In a car battery, CCA, or Cold Cranking Amps, is one of the most important means of classifying a battery and identifying the applications for a particular battery. Different cars, with different engines, may require a battery with different Cold Cranking Amp ratings. There are a variety of factors that affect the Cold Cranking Amps rating of a battery. There are also a number of factors that affect the Cold Cranking Amps that a given vehicle requires from a battery. The following paragraphs contain the basics of battery construction affecting battery CCA, factors affecting CCA requirements, and things you can do to ensure your battery is able to supply maximum CCA output and has a long life.
Battery Construction Factors
Automotive twelve volt batteries utilize a chemical reaction between lead-oxide plates suspended in a sulfuric acid electrolyte. These are divided into six separate sections, called cells, each of which produces two volts. By increasing the overall surface area of the plate/electrolyte junction, by such means as increasing the thickness of the plates, drilling holes in the plates, and creating grooves in the surfaces of the plates, the Cold Cranking Amps rating of the battery can be greatly increased. Another method some manufacturers employ to increase the amount of Cold Cranking Amps that a battery is capable of delivering is to employ a large number of very small grooved plates. These lead-oxide plates are sandwiched between separators to prevent short circuiting. Normally these separators are made of rubber compounds. In a car battery, charge is maintained, or held by these lead oxide plates.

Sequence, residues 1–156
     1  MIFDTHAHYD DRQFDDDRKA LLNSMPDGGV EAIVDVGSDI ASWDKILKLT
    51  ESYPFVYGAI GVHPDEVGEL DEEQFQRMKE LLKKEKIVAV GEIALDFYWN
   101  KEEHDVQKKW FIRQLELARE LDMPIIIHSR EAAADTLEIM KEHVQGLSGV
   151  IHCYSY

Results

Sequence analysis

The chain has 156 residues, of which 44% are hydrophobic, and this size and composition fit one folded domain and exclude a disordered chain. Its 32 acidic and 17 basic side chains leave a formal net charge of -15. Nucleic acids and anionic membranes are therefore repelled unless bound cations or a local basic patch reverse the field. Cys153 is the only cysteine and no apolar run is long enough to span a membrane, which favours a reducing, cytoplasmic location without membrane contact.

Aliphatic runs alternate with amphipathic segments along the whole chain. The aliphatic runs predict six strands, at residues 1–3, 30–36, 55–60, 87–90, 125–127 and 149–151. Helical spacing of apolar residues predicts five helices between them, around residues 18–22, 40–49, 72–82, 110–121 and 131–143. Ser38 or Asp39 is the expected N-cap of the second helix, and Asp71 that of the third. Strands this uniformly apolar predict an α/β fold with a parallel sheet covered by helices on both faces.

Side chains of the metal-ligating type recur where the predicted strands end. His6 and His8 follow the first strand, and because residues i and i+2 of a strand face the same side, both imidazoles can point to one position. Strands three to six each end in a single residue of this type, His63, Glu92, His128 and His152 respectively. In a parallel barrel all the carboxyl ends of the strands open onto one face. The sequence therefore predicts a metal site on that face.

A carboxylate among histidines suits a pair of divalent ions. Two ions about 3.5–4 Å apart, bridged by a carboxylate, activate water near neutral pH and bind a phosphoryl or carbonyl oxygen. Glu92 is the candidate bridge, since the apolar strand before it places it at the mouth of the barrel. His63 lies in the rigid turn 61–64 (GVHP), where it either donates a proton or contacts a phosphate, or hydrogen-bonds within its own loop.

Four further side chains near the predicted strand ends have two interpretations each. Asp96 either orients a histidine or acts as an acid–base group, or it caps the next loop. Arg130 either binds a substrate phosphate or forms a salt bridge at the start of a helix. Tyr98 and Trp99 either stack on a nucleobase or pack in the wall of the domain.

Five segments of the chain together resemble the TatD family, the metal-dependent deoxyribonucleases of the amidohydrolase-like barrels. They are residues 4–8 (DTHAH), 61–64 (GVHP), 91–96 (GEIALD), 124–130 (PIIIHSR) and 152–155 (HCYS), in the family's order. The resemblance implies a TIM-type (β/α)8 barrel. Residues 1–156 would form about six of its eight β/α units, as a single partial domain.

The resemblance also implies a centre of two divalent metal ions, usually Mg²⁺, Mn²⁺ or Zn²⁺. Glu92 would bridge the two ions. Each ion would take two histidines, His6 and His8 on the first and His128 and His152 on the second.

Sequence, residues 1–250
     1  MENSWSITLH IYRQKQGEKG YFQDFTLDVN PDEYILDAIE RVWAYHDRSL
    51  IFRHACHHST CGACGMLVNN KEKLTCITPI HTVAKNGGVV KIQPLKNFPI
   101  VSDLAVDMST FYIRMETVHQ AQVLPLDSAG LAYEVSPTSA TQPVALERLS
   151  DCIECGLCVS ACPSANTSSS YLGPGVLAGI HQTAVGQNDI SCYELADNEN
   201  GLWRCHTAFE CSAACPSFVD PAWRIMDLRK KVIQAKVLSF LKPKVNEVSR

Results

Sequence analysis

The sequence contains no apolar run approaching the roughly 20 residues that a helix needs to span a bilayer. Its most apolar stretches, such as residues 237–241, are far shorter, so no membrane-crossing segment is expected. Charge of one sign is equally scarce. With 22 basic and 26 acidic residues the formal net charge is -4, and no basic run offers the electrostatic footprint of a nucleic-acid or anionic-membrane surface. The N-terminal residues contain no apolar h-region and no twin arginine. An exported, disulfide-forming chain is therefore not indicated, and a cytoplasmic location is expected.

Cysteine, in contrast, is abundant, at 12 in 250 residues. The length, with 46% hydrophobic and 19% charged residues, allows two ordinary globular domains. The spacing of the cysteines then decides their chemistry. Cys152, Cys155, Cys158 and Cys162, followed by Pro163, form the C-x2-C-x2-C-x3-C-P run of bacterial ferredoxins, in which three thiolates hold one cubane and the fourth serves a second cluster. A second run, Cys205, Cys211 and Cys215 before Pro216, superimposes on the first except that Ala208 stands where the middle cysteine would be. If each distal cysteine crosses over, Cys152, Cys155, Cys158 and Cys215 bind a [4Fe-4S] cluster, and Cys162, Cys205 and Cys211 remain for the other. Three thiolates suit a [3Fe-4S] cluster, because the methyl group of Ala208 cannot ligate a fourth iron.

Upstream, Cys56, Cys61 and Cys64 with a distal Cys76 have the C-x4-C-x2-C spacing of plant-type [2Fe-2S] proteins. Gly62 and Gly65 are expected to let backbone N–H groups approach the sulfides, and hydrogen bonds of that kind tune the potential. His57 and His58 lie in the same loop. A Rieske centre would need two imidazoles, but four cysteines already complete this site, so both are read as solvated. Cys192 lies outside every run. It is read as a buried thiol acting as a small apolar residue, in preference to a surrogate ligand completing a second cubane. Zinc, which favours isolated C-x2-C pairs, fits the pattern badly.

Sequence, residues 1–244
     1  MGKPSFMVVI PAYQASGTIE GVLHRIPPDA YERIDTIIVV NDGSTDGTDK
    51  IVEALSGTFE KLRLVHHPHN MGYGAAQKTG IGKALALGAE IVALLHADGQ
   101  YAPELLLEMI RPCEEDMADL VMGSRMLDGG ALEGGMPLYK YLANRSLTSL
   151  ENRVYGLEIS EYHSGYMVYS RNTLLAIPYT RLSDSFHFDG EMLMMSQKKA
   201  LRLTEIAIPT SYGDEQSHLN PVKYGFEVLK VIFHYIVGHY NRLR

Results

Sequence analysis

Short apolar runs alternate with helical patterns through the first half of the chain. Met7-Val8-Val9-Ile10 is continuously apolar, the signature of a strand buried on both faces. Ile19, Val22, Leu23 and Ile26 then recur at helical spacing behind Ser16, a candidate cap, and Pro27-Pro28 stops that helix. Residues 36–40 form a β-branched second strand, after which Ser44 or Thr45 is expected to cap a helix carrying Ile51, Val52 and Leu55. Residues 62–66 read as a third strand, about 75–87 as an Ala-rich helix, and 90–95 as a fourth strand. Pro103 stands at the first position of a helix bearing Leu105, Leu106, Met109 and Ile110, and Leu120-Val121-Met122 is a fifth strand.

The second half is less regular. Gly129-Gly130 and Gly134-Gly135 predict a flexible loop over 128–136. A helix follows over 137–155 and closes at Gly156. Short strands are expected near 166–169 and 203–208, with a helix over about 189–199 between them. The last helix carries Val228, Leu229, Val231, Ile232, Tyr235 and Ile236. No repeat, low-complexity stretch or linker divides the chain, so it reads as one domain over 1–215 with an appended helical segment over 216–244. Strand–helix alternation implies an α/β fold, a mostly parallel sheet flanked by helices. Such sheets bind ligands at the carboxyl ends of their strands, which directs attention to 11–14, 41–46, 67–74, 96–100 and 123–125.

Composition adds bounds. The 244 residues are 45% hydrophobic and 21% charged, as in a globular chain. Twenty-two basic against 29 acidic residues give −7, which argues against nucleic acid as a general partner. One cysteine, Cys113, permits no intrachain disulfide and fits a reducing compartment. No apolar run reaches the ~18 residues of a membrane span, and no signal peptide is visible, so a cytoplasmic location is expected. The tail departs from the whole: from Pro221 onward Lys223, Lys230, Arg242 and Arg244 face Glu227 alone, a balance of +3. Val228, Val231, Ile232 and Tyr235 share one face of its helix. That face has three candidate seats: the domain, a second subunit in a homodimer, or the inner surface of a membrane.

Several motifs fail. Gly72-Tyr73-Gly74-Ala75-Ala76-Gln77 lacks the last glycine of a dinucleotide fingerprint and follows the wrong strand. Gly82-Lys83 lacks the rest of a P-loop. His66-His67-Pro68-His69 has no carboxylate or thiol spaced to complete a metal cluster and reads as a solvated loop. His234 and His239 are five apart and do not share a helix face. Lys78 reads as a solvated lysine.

Vehicle Cold Cranking Amps Requirements
Today’s modern vehicles and engines place great demands on automotive twelve volt battery systems. New vacuum controls and computerized engine diagnostic and control systems add to the demands placed on an electrical system. Larger and more elaborate passenger entertainment systems also place huge demands on a car’s battery. When the vehicle is running, the demand placed on the battery is greatly decreased. Demand placed on the battery is greatest when starting the engine. There are two main reasons for this. The first reason is that the ignition coil requires a larger spark than normal to start the engine. The second reason is the starter. There are a number of factors that affect how much demand, called starter draw, the starter places on the car’s twelve volt battery system. Factors that affect battery requirements are listed below:
- Engine size-Engine size is the single greatest determining factor in CCA requirements. This is because a larger engine, with larger and heavier parts, thus more inertia, requires more energy to get it moving fast enough to allow the engine to start.
- Cylinder head compression ratio-Compression ratio is a measure of how much fluid and gas pressure is generated inside the engine cylinders when the engine turns over. The higher the compression ratio, the more force is required to turn the engine over. The more force required to turn the engine over, the more CCA are required of the battery.
Knowing the various factors that affect CCA requirements will help you choose the correct battery for your particular application. The preceding paragraphs have given you information that will help you make that choice.